For the concrete i used a little stronger concrete / sand ratio to make it harder. The forms were laid on large wood plank, covered with plastic foil. First the outer forms were filled with 20mm thick layer of concrete that would make up the back side. Then the cores were put in and the concrete was poured arround while poking in with the stick to help air escape. It was very exciting work as it was the critical point where it would decide wheter the weeks of work i made cores would pay off or come to waste. Once it was done i couldn't wait for the concrete to harden, but it tooks some time. I let it rest for two weeks, while continually watering it. I also made a little concrete board so i could see how hard is it at any point.
... and after
After the two weeks waiting i was supposed to come over, take of the shells, fix a few holes in concrete and make the outside finish. but it wasn't as easy as i thought. The polystyrene sticked to the concrete and i had to literally cut it off (fortunately i inherited a nice machete after grandpa, ideal for this job). But it helped with outer forms only. I had to break the core and rip it to pieces with my bare hands. It was terrible job and my hands were all scratched and hurt (the polystyrene itself is soft, but the epoxide resin i used to glue them was very sharp ... and the concrete was sharp as well, not to mention the glass fibre).
After removing outer forms i saw there were a few holes in both shells so i mixed some concrete again and fixed them. And waited again. Then i brushed the outer surface with steel brush and stroked it with grindstone so it got very nice feel. For the final touch i used several layers of transparent colorless varnish. Now it's real plesure to stroke the boxes :).
shells, without the outer forms
From this point on it was quite easy. I made paper bowls where the speaker screws should be (there are the holes in concrete), filled them with epoxid resin and then put inside the speakers with screws, both thoroughly greased so they wouldn't stick. It made nice threads for the screws. Then i used some silicone gel under the woofer to straighten the contact surface. For the tweeter i used some gasket tape, the one you put under the windows.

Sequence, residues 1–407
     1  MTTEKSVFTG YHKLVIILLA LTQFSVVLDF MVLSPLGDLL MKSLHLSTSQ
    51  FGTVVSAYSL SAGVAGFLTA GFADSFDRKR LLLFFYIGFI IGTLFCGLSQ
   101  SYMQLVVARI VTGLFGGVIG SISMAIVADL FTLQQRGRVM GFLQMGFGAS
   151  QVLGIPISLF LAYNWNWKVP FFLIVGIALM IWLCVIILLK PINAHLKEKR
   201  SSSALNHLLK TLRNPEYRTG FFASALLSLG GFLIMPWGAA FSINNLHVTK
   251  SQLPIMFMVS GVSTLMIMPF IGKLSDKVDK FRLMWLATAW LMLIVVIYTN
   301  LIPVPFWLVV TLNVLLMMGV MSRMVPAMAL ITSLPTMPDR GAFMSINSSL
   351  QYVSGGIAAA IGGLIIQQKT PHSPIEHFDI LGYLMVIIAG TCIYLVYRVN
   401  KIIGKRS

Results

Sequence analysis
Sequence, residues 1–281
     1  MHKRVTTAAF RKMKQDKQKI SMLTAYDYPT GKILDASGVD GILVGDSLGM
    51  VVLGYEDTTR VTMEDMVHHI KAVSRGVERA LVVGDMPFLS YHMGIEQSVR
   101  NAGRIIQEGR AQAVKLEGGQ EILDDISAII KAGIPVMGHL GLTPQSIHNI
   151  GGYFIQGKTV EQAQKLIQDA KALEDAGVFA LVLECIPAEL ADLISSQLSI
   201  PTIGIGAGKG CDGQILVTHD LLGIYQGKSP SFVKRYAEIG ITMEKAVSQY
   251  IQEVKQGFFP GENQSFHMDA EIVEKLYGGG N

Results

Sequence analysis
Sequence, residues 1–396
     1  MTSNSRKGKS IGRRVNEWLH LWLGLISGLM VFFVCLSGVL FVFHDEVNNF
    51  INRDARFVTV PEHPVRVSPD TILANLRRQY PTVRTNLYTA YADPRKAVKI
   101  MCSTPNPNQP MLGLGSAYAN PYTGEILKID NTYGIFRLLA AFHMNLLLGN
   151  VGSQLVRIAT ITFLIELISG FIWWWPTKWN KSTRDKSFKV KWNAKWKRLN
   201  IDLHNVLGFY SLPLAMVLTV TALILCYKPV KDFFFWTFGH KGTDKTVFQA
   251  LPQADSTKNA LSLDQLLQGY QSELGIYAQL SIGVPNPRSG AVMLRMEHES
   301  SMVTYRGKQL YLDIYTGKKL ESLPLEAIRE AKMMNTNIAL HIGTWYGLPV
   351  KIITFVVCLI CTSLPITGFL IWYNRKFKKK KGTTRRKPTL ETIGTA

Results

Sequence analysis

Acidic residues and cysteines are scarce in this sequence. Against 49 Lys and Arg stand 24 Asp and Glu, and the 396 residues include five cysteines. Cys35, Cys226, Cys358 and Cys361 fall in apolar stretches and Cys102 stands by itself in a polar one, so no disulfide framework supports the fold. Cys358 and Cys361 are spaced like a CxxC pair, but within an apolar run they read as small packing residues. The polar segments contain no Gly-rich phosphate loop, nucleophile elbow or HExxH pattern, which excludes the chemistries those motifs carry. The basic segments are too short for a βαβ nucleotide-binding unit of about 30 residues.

I also put inside some bags with mineral wool to muffle the sound impacts. There is one bag on each wall aparts from the front and bottom wall, they're approx 50mm thick. (the front wall is taken by the drivers and the bottom wall houses the crossover)
For the electrical part, there is 12 dB/octave Linkwitz - Riley crossover with inductance compensation for the woofer. The crossover frequency is set arround 1.5 kHz as far as i remember. The drivers are professional speakers from dexon with 95 dB/W sensitivity, capable of taking 350W RMS.
I had some photos of the crossover and the whole speakers but i can't find them. I'll put them here as soon as i will. For the time being there are at least some photos friend of mine took yesterday:
2x 25W amplifier with germanium end stage ... that's what i use at the time being
I took a great care choosing which tune i'm going to play as the first one. I actually made a list of 'first tune candidates' which later broke up to two lists, second of them having snappy name 'second tune candidates'. But after a lot of time spent, 'The Nine' from Bad Company was chosen and the first test run was conducted with this one.
Then i was listening to them for several weeks and fine-tuning the crossover. In the end i was half satisifed, half fed up and especially i couldn't tell the difference anymore ... so i stopped.